L to R: Russell, Fry, Bolek, Ferguson, McClure, Torwick      photo by DK Photography

Farce, as its etymology suggests, is forced; over-the-top characters in similarly exaggerated situations. Fox on the Fairway, now at Tacoma Little Theatre, is unabashedly billed as such, and true to form, absurdity clings to both the plot and characters.

Playwright Ken Ludwig has written a lot of farces, but this time he left no cliché unturned, rehashing all of the elements that, when taken in moderation, provided welcome chuckles in his other plays. The convoluted plot is heavily larded with low-brow sexual humor, unlikely mood swings, and ridiculous clothing, all peppered liberally with excess shouting and frenetic physicality. Add a laugh track and you might be watching one of those lamentable yet inexplicably popular 80’s TV sitcoms like Three’s Company.   

All the action takes place in bar at a golf country club. Rival golf club presidents Henry Bingham (Andrew Fry) and Dickie Bell (George McClure) make an excessive bet on the upcoming yearly match, each believing he has an ace in the hole. Bell’s brashness extends to his outlandish clothing, consistently misquoted phrases, and a penchant for fornication, and he goads the more upright Bingham in more ways than one.

Meanwhile, new employee and secret golf whiz kid Justin Hicks (Rodman Bolek) is in love with club factotem Louise Heindbedder (Tracy Torwick). When he’s pressed into playing the tournament, he shines, until he is emotionally derailed by a glitch in their engagement. Adding to the tumult is libidinous club VP Pamela Peabody (Stacia Russell), who has a schwarm for Henry Bingham, and Henry’s wife Muriel (Shelleigh-Mairi Ferguson) who conveniently feels the same way about Dickie Bell. After a few surprises, a lot of sturm und drang, and an excess of hideous golf outfits, everyone ends up, as is often the case in Ludwig plays, happy and heterosexually paired off.

The set by Burton K Yuen and scenic artist James Venturini, with stage dressing and props  by Jeffery Weaver, was elegantly spot on; beautiful and convincing. Intentionally outre outfits by costumer Michele Graves were both eye-catching and thoroughly appropriate. The same can be said for lighting (Pavlina Morris) and sound design (Darren Hembd.)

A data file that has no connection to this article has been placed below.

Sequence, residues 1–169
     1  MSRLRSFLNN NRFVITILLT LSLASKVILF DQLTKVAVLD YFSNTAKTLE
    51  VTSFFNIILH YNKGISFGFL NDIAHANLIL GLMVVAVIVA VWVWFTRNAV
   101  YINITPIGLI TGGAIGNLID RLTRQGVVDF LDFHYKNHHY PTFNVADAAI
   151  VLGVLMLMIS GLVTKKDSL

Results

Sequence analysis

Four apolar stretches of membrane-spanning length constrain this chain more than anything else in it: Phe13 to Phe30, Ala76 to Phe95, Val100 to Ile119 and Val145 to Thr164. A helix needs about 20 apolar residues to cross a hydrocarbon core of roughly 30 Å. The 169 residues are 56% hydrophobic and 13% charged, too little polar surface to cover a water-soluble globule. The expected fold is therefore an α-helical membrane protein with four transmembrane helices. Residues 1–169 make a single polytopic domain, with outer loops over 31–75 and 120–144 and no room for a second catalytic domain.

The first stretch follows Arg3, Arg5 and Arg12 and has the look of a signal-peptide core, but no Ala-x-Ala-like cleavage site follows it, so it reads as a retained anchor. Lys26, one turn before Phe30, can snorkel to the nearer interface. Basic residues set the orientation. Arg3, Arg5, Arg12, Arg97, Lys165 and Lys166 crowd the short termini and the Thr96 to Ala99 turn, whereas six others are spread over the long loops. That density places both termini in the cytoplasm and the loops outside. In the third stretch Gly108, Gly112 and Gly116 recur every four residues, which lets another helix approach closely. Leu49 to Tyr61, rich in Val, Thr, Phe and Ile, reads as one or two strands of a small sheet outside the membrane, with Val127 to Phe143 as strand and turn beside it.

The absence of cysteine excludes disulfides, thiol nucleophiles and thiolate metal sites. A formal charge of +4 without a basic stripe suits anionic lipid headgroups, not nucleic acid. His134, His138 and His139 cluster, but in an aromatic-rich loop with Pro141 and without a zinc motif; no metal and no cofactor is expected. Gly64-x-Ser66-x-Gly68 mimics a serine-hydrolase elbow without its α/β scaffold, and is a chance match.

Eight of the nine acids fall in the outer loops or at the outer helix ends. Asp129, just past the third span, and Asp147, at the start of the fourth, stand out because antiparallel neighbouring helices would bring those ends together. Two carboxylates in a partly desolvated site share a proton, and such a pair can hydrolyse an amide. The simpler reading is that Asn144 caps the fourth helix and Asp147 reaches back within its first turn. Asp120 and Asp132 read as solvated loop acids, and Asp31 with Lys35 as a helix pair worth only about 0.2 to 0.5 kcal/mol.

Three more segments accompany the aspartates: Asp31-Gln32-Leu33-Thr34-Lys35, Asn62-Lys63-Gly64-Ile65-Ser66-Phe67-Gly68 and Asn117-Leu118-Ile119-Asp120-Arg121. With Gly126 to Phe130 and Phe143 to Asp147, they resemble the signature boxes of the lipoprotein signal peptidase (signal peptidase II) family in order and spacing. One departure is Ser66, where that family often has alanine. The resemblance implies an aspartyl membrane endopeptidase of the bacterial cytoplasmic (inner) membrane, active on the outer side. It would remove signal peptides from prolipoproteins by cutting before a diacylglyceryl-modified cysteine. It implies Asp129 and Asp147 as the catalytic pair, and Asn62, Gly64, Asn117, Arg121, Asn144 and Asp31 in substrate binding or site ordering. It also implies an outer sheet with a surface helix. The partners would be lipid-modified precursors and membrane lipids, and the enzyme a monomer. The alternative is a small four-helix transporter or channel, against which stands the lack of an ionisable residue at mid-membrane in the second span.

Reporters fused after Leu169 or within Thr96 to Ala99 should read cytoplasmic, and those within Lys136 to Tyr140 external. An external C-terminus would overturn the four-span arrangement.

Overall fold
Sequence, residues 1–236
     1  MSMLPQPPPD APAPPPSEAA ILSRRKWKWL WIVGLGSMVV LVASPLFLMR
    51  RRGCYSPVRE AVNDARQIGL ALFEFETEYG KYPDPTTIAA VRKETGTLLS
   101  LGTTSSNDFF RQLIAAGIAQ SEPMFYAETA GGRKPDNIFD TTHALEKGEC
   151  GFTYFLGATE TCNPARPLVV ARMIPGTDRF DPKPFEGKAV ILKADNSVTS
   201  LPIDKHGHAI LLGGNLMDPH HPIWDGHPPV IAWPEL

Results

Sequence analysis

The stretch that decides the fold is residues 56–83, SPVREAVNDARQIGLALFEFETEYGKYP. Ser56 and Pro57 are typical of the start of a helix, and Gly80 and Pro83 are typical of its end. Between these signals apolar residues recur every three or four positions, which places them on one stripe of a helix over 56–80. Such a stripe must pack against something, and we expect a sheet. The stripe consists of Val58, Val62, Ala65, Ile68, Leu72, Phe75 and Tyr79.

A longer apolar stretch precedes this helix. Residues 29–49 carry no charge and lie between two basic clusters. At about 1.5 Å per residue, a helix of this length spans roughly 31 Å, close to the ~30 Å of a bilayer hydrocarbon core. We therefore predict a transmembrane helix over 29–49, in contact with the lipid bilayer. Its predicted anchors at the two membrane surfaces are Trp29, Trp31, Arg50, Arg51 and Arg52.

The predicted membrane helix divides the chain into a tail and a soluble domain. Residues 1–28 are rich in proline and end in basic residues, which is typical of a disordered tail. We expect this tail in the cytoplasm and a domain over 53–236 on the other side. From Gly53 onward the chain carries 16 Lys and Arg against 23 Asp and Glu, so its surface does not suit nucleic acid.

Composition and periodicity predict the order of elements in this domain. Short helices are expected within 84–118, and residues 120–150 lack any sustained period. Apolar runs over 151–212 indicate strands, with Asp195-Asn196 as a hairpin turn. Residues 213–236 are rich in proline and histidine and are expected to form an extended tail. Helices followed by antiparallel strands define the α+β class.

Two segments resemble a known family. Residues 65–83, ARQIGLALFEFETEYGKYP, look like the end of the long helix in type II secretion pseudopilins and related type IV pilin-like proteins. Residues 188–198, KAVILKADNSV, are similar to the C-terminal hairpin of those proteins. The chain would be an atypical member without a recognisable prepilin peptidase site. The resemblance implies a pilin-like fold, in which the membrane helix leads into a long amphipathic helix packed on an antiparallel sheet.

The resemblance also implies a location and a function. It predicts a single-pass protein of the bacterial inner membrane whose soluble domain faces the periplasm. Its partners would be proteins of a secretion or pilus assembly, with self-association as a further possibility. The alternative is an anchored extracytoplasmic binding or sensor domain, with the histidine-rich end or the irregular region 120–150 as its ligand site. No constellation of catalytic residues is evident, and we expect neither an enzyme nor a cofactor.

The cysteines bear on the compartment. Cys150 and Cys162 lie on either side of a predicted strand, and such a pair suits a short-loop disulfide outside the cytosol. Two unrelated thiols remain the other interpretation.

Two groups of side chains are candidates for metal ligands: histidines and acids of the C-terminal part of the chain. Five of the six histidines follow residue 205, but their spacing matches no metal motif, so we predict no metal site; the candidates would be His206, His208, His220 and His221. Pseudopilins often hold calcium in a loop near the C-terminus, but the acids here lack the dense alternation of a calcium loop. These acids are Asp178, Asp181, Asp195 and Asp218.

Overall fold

Say what you will about this genre and style but the audience on opening night spent an appropriate amount of time laughing it up. I suppose that’s a recommendation all by itself.

Fox on the Fairway
April 17 to May 3, 2015
Tacoma Little Theatre


Friday, April 17, 2015

The 39 Steps at Lakewood Playhouse

Thank you, Mr. Bones
by Michael Dresdner

    Bryan Bender, Deya Ozburn                                               All photos by Kate Paterno-Lick 

You can accurately describe The 39 Steps, currently at Lakewood Playhouse, in just two words: madcap romp. I’ve reviewed iterations of it over the years in three different theaters and this one, directed by John Munn, is by far the best.

Steps is loosely based on Hitchcock’s famous 1935 “chase” thriller of the same name, but is given the extreme comic treatment a la Shakespeare Abridged. In other words, the plot – a man is roped into being both fox and hounds while trying to prevent a secret formula from getting out of the country – is almost completely irrelevant. It is nothing more than a platform on which to haul out and deliver every comic tableau you can imagine.

   L to R: Deya Ozburn, Bryan Bender, Frank Roberts, Paul Richter 

Along the way there are homages to Hitchcock in words, music, and images that are far too numerous to mention. You’ll probably pick up on Vertigo, Psycho, Strangers on a Train, Rear Window (as a curiously portable prop) and North by Northwest (as a shadow puppet show,) but that barely scratches the surface. Chances are you won’t catch them all, which may be a damned good excuse to see this play more than once.

Though versions vary, this one had a decidedly vaudevillian flavor, and Munn has resurrected almost every piece of comic shtick that’s ever graced the old time stage. Thus, it requires a flawless comic cast supported by innumerable (and excellent) costumes (Diane Runkel), clever props and set pieces (Virginia Yanoff and Lex Gernon), lighting (Kristin Zetterstrom) and sound tricks (Nena Curley.) Even the booth gets into the act with gags like intentional sound cue screw-ups, so here’s a tip of the hat to stage manager Jenifer King.

    L to R: Frank Roberts, Paul Richter